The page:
Johannesburg - The journey of South Africa’s fifth person to qualify with a Doctorate in Fashion Design, Dr Sipho Mbatha, started with about R200 in his pocket.
Mbatha, from the Vaal, has made history by being the first South African from the Tshwane University of Technology (TUT) to obtain a Fashion Design doctorate. Arts and Culture Minister Nathi Mthethwa also confirmed on Sunday that Mbatha is South Africa’s fifth doctor in fashion design.
The 34-year-old lecturer at TUT’s Faculty of the Arts and Design: Department of Design Studies, made history at one of the June graduation ceremonies hosted virtually at the Pretoria campus recently.
Mbatha told The Star on Wednesday that he gets emotional when he thinks about his journey to obtain his doctorate. His university journey started with difficulty, as his mother could not afford to pay for tertiary education after high school.
“When I got accepted into TUT, it was the first time I had ever seen my mother cry because she had nothing to offer me. I left home with practically R200 in my pocket in 2006 when I started this journey,” he said.
The title of his dissertation is “Exploring University-Industry-Government (UIG) research linkages in the clothing manufacturing industry of South Africa”.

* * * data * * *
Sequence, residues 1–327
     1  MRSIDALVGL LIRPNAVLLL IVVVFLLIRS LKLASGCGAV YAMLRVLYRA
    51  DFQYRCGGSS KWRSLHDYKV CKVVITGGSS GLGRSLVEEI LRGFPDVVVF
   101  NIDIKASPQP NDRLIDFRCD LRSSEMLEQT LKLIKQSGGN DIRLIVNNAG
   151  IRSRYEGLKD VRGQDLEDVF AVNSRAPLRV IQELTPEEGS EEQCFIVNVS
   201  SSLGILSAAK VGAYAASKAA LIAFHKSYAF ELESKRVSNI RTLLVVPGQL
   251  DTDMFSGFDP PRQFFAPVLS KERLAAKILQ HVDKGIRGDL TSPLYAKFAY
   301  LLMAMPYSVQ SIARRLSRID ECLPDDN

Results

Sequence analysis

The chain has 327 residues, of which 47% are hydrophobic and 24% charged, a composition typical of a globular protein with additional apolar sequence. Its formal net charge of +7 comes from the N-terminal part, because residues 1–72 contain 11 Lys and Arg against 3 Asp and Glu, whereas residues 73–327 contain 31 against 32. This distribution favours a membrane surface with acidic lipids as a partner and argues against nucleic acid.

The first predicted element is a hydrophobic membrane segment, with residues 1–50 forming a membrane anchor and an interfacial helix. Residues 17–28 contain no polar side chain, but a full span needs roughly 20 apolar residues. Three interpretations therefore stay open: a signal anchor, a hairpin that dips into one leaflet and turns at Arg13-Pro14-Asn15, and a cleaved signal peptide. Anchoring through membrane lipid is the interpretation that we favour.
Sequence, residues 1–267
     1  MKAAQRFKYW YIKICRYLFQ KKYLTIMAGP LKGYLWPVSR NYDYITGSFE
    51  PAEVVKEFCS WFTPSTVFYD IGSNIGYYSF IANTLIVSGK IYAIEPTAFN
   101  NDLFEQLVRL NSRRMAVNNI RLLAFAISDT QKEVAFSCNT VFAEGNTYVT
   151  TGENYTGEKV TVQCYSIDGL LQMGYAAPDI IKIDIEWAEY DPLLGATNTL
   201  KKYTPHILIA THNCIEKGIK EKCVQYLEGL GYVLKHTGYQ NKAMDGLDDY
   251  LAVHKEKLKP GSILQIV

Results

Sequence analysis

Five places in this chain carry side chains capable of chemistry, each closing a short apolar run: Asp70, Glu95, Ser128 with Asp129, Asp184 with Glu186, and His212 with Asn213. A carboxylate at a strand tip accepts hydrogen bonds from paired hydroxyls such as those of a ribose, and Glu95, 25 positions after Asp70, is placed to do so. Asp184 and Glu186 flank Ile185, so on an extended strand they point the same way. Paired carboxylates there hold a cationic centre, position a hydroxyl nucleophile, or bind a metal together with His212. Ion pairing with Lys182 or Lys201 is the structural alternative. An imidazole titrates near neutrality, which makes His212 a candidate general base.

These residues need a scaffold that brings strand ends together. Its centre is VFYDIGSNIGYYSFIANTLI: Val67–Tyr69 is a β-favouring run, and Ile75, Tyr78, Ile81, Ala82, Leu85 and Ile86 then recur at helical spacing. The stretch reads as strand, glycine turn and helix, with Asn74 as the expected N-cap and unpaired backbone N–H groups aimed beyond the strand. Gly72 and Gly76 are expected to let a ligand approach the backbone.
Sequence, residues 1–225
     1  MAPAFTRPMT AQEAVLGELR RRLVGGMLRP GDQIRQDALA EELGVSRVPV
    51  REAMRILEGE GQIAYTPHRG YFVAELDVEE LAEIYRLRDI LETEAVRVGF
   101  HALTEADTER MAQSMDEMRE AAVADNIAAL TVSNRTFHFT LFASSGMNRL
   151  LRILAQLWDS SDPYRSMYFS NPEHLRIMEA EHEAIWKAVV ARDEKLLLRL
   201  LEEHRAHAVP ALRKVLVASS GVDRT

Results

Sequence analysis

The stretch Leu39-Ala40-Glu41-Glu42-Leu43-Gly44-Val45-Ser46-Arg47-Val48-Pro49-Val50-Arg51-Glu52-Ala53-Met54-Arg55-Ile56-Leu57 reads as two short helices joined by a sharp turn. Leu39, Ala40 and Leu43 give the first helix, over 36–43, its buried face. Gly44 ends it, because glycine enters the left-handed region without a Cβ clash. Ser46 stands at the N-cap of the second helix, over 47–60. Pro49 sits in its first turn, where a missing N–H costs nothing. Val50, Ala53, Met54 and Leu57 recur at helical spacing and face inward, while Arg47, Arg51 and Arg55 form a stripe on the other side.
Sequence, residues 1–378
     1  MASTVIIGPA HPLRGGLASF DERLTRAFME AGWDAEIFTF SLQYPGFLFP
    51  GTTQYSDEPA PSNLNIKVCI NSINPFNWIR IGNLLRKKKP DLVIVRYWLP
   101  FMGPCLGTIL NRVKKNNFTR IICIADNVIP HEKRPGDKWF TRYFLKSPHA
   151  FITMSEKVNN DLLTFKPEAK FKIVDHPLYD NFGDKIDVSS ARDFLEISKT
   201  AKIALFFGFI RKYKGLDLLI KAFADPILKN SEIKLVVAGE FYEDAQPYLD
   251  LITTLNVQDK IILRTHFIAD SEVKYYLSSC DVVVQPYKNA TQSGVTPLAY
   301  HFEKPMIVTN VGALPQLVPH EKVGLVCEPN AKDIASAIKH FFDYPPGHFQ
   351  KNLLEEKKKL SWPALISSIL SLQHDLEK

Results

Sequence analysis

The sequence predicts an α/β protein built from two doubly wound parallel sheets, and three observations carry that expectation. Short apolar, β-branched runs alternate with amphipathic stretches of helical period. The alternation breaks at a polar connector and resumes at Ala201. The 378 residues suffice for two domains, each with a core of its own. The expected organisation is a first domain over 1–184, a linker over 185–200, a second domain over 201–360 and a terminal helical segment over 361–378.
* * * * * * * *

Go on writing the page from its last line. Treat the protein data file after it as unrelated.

Mbatha said the relevance of his study related to current debates on how the South African clothing, textiles, leather and footwear industry can improve its competitive advantage.
He said he was motivated to complete his doctoral studies by his research mentor and supervisor, Professor Anne Mastamet-Mason, who recruited Mbatha to come back to school for his Bachelor of Technology (BTech) in 2009.
“She indicated that she wanted me to be the first South African to obtain a Doctorate in Fashion Design. I took on her challenge. Through her mentorship and supervision, I passed both my BTech and MTech with distinction,” he said.
Mbatha added that his road to his doctorate was also complicated when he had to juggle his doctoral research and spending quality time with his first-born son.
“I would get emotional in some moments when I questioned if it was worth it to sacrifice my time with my child in pursuing this degree, but looking back, I’m glad I did it like that,” he said.